Queue q = new LinkedList();

First, is my thinking correct? Then, are there any performance issues here as opposed to using a linked list variable in the L.H.S.?
 
Jeff Verdegan
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Prasanna Raman wrote:I initially thought I'd use a Priority Queue and declared

Queue q = new PriorityQueue();

but then I figured I couldn't use PriorityQueue for some reason and switched to Linked list instead. But I thought it just made sense to keep the L.H.S. the same and change the R.H.S. only because it just made more sense given the functionality I was trying to implement. So, I left it as

Queue q = new LinkedList();


Yep, that's exact the kind of flexibility and localizing change I was talking about.

Like I said, it's not usually as big a deal for just local variables, because if your methods are fairly short, as they should be, there just won't be that many things to change if you change the type of a local. It's still good practice though, and even for locals it can make life a little bit simpler when you do need to change something.

Then, are there any performance issues here as opposed to using a linked list variable in the L.H.S.?


No, the type of the variable will not affect performance. Your choice of implementation on the RHS might, but your choice of variable type on the LHS won't.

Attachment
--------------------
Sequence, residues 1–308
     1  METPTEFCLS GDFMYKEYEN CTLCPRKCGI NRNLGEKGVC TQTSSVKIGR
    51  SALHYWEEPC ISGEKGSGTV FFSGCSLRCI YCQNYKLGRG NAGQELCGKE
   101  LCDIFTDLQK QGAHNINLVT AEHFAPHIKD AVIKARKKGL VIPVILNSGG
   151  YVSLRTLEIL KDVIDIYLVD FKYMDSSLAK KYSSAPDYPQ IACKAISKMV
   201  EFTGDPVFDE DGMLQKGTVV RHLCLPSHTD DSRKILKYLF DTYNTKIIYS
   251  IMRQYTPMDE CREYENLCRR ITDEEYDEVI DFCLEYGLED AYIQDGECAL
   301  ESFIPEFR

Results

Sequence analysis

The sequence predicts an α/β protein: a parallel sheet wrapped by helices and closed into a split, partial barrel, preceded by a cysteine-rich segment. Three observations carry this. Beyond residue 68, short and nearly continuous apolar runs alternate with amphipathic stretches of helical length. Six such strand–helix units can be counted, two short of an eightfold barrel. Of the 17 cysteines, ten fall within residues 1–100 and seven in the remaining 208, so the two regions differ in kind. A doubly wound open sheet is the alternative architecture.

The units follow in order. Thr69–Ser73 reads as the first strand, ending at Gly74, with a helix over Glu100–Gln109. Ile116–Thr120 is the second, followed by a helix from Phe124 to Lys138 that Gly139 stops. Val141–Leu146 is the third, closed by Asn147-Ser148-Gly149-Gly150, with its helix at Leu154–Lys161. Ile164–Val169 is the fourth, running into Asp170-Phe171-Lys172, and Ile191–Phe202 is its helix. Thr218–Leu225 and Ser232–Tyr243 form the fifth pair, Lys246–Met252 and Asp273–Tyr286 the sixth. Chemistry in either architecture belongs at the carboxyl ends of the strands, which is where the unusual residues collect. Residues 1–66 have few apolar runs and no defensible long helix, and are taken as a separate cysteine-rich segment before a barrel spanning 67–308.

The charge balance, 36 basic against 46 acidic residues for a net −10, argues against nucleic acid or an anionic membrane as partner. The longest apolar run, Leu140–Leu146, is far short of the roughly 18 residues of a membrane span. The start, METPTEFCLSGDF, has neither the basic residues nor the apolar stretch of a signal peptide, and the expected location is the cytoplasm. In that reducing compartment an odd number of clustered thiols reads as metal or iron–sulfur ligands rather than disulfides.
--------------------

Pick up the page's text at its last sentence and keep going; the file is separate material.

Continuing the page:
Prasanna Raman
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Thank you, Jeff.
 
Winston Gutkowski
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Prasanna Raman wrote:I got this question because I was actually writing an LRU implementation and I needed a queue like data structure to store the items.

It might be worth mentioning that Java already has a structure that works very well for LRU queues: LinkedHashMap. Its only restriction is that you can't add duplicate items without some extra jiggery-pokery. So unless this is just an exercise, I'd have a look at it, and specifically, its removeEldestEntry() method. There is also some explanation in the class documentation itself.

Winston